Jack Teixeira, the Air National Guard member, recently joined a long list of military and civilian employees who blithely gave away classified documents. A federal judge let Teixeira hire a private attorney with experience in national security cases. Joining the Federal Drive with Tom Temin with analysis of what this might mean, Tully Rinckey managing partner Dan Meyer.
Tom Temin Your firm, just in putting out some ideas on this, said that the judge has allowed him to hire a private attorney. Is that itself remarkable in a case like this?
Dan Meyer Maybe that’s a little overdramatic. I think that you should not read too much into that, meaning how critical the government’s prosecution of him is going to be. Hiring attorney does not mean that you’re armoring up for a criminal defense. Certainly with a case involving classified information, it’s smart for public employees. And he is a public employee, service member is a public employee to have counsel about the classified information aspects of what he’s facing. And that will be equally helpful for him, both if he faces a criminal prosecution and if it’s simply restrained and left at the administrative level. But it does show that he at least is understanding how deep the water he’s waded into is.
Tom Temin Right. Do we know who the lawyer is? And what do we know about that lawyer’s record in these types of cases?
Dan Meyer That lawyer’s not on my Rolodex. And I think that from what I’ve been able to Google, the person does seem reasonably well qualified to give him advice. And so I think that it’s smart to armor up with an attorney, whether it’s administrative or criminal. If it goes to an Espionage Act prosecution, that’s when a defendant needs to think really carefully about who their counsel is. I think this would also apply to a certain former president is handling issues right now, because when you enter the criminal prosecution realm, penalties are much higher when you’re talking prison time. And that’s when you want to think twice about the quality of your legal team.
Tom Temin But this attorney has won hundreds of counts of acquittal on Guantanamo Bay detainees. Does that have relevance here?
Dan Meyer I sort of raised my eyebrows at that. Yes, That shows that there’s a good proficiency with military law. And that’s important in this aspect. As Teixeira is under either Article 32 or Article ten as a service member. So I think for prosecution under the UCMJ or a criminal prosecution in the civilian courts, that’s parallel to that. That would be a good person to have on your legal team, that attorney, if they do not feel comfortable with the classified information aspects of this case, could certainly reach out and get co-counsel to bridge the gap on their expertise. I mean, this line of discussions, not unlike the situation down in Florida with the judge who’s handling the Trump trial. Everybody wants to sort of jump in and say, well, that person is not qualified. The bottom line is when you have a law license, it’s your job to get the client the representation they need. If you can’t bridge the skills with your own skills, you have a gap. So I’m sure that attorney will be smart and reach out and get co-counsel if he or she needs it.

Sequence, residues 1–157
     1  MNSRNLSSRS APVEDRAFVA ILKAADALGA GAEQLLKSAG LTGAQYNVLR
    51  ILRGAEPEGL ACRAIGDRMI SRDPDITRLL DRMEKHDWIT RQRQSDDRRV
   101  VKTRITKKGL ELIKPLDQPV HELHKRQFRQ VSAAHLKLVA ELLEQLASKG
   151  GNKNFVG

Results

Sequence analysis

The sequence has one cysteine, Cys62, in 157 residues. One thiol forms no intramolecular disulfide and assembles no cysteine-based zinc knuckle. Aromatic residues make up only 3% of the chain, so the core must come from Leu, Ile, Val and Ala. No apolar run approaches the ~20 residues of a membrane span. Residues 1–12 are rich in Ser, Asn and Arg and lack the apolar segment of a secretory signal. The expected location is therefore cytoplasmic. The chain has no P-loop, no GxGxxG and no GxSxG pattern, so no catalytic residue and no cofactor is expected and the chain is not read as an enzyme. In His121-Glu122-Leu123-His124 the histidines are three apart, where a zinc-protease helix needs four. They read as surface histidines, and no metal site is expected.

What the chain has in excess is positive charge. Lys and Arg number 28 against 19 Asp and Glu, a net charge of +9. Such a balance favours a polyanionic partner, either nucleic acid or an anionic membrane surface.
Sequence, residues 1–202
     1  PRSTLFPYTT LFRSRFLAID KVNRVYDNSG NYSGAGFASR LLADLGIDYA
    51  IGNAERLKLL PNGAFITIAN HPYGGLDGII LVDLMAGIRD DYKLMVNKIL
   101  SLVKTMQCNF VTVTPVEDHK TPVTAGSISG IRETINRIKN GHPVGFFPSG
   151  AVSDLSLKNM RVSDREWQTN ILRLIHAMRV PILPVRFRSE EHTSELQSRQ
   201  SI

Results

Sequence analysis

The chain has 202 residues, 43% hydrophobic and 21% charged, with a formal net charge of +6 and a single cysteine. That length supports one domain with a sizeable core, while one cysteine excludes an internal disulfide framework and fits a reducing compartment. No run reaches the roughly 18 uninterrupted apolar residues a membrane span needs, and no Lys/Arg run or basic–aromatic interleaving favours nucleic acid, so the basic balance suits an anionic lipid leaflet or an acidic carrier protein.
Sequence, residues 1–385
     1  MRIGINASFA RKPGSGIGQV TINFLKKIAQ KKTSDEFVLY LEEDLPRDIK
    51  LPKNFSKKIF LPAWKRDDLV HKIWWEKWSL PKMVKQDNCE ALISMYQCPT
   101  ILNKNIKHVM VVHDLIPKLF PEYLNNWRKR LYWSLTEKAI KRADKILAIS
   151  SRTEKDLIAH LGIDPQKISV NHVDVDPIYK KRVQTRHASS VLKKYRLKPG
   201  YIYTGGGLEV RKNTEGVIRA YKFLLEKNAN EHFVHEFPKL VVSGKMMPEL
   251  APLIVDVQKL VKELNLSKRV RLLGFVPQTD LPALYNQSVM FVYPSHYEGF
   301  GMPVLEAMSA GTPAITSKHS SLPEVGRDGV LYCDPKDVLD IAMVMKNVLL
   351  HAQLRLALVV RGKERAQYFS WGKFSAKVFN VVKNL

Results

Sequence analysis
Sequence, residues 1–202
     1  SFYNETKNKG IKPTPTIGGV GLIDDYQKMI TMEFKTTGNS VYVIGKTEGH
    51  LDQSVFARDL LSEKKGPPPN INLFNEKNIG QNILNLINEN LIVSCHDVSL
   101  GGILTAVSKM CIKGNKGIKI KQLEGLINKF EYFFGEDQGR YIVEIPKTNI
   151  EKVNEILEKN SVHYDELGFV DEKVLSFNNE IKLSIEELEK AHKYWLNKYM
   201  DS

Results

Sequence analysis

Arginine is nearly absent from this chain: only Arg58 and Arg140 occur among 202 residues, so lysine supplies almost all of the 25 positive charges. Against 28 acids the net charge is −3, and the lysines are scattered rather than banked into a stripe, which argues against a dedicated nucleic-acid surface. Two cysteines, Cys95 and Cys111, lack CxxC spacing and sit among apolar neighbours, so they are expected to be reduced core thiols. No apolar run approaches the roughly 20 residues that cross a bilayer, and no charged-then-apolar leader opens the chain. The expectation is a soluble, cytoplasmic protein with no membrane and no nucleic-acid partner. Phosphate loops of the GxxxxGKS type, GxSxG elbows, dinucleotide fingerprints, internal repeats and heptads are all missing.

Tom Temin Yeah. This is Michael Bachrach of Manhattan, and he’s the one that’s gotten all of these acquittals. But what is that going to cost, do you think? And how would a guy like Jack Teixeira, who’s not all that sympathetic? I don’t think he’s going to be getting lots of money on go fund me for his defense, maybe pay for some.
Dan Meyer Well, actually, Tom, I’m going to I got an opinion on that one right there. The question becomes, who’s paying for the legal counsel? You know, there’s rules. The bar has rules about people paying for legal services for individuals who were not actual individuals. He may be getting support from groups. There was some murmuring. I haven’t seen it followed up on. Some people thought he was perhaps a whistleblower. I haven’t seen that in the facts. I haven’t seen the evidence of what he was posting and what he was posting about. There was some question about whether he was challenging the Ukraine policy as a National Guardsman from Massachusetts. So there are aspects of that which could lend itself to what’s called campaign funding. And so maybe he will get support from an outside group to do that. And this gets into an area where whistleblowing has been considered sort of a four letter word since the impeachment debate. But you need to be careful about classifying people as not being a whistleblower before you know, all the facts. And the critical question in the Teixeira case is what was his intent in doing this? I think as an investigator, I would want to know, is this sort of boasting that he had access to the information? Was this just trying to be part of an online community? All of those present very serious security concerns. But you want to know what that intent was before you line up the defense and certainly before you go for the prosecution.